Simulation of Greenhouse Gases Emission from Different Solid Waste Management Practices in Gombe, Gombe State, Nigeria

Main Article Content

RICHARD MSHELIA
Michael Onuigbo

Abstract

Solid waste management (SWM) is a major challenge for most municipalities, particularly in big cities where typically the population is large, on average more affluent thus having a relatively higher consumption and waste generation rates. Research has shown that some municipalities spend up to 50% of their budget on SWM, asides from the economic burden, SWM practices have varying degrees of impacts on the environment. In this research, the solid waste being generated in Gombe, the capital of Gombe State in the north eastern region of Nigeria was profiled, the annual generation rate, characteristic and SWM practice in use were determined.  Using Gombe’s waste profile, Institute for Global Environmental Strategies (IGES) GHGs emission tool was used to analyse and simulate the GHGs emission from 5 most commonly practiced SWM processes so as to determine which emits the least amount of GHGs and thus the most climate friendly. It was found that Gombe generates an average of 139,875 tonnes of MSW annually and that of the 5 SWM processes simulated, landfilling generates the most amount of GHGs into the atmosphere, the other four processes in descending order are open burning, composting, incineration with electricity recovery and anaerobic digestion. It was deduced from the observation made that in spite of anaerobic digestion being the least emitter of GHGs, incineration with electricity recovery is the most suitable SWM technique for the city because a reduction of 29,687.07tCO2eq can be achieved if it replaces the current practice of landfilling, likewise the electricity generated from the wastes can be used to supplement power supply from conventional fossil fuel sources thus reducing net GHG emissions in the city.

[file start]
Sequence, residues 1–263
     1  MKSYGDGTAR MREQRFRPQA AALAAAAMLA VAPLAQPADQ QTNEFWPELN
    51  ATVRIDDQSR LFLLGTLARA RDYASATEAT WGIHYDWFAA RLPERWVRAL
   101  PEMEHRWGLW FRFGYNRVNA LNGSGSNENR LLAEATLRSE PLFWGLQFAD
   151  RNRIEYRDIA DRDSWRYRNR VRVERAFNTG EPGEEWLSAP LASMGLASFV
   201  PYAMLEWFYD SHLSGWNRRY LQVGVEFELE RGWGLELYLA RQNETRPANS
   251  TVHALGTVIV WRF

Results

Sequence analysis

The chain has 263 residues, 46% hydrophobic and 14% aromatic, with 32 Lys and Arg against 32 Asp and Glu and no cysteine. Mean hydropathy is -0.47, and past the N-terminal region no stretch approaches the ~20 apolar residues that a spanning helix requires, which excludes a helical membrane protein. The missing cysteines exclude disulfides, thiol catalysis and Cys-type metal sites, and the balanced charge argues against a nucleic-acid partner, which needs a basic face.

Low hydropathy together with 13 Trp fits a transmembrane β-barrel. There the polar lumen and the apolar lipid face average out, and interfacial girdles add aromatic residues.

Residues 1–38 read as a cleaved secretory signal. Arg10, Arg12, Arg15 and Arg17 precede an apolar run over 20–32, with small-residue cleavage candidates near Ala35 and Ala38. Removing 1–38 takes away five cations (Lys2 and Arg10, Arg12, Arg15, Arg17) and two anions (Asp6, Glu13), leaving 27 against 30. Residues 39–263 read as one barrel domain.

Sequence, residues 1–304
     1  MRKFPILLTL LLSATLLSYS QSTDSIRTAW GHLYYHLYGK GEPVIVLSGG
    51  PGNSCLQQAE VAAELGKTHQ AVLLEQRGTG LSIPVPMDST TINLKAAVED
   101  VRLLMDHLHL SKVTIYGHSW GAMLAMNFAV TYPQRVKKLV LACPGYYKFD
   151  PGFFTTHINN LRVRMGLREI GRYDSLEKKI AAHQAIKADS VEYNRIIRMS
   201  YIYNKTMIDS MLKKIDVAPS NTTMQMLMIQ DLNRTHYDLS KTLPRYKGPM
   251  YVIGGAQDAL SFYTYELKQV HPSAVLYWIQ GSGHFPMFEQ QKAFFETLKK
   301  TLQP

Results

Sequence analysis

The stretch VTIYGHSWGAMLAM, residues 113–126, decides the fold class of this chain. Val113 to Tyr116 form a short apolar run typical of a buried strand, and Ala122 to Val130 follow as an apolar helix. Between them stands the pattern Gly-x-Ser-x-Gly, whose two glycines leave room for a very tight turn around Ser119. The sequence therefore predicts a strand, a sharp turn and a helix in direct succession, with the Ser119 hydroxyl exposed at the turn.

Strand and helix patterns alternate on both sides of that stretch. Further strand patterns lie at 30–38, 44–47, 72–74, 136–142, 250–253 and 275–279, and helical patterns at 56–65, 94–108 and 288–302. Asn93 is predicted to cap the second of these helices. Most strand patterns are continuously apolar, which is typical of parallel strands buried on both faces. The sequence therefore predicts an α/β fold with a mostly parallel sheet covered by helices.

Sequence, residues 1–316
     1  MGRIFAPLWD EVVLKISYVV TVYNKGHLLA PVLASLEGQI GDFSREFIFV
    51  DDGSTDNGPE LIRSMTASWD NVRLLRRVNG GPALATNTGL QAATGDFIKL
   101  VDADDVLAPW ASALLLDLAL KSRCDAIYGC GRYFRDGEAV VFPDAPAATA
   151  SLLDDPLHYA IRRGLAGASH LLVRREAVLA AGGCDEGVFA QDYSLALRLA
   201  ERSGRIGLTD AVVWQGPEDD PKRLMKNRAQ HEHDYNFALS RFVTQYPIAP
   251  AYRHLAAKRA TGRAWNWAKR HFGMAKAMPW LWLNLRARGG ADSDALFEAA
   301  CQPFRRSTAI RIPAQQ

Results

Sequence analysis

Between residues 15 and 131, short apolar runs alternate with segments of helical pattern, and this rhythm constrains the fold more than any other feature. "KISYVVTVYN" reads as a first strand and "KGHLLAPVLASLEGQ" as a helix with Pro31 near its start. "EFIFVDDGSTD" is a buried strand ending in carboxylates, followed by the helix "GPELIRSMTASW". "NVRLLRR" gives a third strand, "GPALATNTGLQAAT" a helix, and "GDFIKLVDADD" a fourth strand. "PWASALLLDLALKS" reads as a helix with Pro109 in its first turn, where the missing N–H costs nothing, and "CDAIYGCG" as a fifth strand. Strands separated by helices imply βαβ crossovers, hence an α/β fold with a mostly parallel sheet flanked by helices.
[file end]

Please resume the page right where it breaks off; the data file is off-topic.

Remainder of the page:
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How to Cite
MSHELIA, R., & Onuigbo, M. (2020). Simulation of Greenhouse Gases Emission from Different Solid Waste Management Practices in Gombe, Gombe State, Nigeria. University of Wah Journal of Science and Technology (UWJST), 4, 9-14. Retrieved from https://uwjst.org.pk/index.php/uwjst/article/view/50
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References

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